Introducing the Flip-Side Portrait

Key people are the greatest asset of a successful company and showing them in the best possible light to prospective clients should be a priority. Biographies, qualifications and other details are often provided across a range of media but what about images? If you look around some company websites or literature what you find is pretty variable in quality.

The Flip-Side Portrait works on the same principle that has seen social media being integrated successfully into marketing strategies, I think this breaks down into 3 areas:

  1. If you like someone you are more likely to do business with them.
  2. If you can get to know someone socially it helps build your working relationship.
  3. If a person is interesting they become more three-dimensional in your mind and therefore more memorable.

So the aim of the Flip-Side Portrait is to provide a high quality “at work” picture and an “outside work” image to go with it. These can be used online where the text beside the work picture encourages the viewer to roll their mouse over the image to reveal the other side or in all kinds of printed media where the alternative image adds depth to the person being described. It can also work well in retail photography as well as product and food photography.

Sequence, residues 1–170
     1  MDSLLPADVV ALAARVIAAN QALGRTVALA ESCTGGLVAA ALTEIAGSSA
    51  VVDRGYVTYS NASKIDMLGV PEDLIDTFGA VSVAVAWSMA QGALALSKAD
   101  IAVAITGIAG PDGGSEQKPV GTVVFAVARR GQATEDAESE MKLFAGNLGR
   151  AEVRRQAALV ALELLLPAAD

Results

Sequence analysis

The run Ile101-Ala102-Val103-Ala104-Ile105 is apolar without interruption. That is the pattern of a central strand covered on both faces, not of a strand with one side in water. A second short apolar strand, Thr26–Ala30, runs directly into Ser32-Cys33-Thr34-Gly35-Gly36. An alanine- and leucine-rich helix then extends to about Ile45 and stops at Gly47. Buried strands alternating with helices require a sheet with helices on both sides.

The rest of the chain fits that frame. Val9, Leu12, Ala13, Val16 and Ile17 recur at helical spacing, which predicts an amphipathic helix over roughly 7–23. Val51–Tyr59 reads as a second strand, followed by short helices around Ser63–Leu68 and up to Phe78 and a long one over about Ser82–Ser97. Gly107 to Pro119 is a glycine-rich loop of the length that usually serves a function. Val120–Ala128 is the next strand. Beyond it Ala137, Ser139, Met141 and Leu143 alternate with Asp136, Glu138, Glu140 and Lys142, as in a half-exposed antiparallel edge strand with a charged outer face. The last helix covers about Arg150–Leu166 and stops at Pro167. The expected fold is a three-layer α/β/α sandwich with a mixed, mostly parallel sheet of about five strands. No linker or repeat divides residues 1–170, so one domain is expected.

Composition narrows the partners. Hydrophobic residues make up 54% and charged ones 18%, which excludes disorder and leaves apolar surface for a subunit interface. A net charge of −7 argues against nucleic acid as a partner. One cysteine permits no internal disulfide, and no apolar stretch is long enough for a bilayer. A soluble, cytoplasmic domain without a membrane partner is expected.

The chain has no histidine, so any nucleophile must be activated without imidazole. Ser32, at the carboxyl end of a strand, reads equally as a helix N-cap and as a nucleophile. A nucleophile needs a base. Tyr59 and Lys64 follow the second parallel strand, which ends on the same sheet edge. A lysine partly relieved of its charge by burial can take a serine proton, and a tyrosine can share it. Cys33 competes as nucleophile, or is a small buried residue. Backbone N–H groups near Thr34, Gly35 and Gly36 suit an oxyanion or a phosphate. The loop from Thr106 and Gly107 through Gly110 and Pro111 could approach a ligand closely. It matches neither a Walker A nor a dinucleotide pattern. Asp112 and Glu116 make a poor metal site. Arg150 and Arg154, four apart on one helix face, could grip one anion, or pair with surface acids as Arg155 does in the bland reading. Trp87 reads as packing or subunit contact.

This is John McKee, Chief Executive of Linkubator, CEO of Amtec Medical and co-author of “STAR – Leadership Behaviours for Stellar SME Growth” (written with his Father, Will McKee).

And this is John McKee, breeder of saddleback pigs, being watched over by his ever present and always faithful friend, Flash.

Researching this concept has revealed that captains of industry enjoy a diverse range of activities outside work – sailing, motor racing, mountaineering and flying gliders were among the first I encountered when I started to ask around!

It was also interesting to hear how many successful business people spend their own time helping others; the image below is of Mike Mills, former Chairman of Ulster Carpets and Business Angel, speaking to encourage new start-ups and aspiring business people at a “Get Up and Grow Conference” –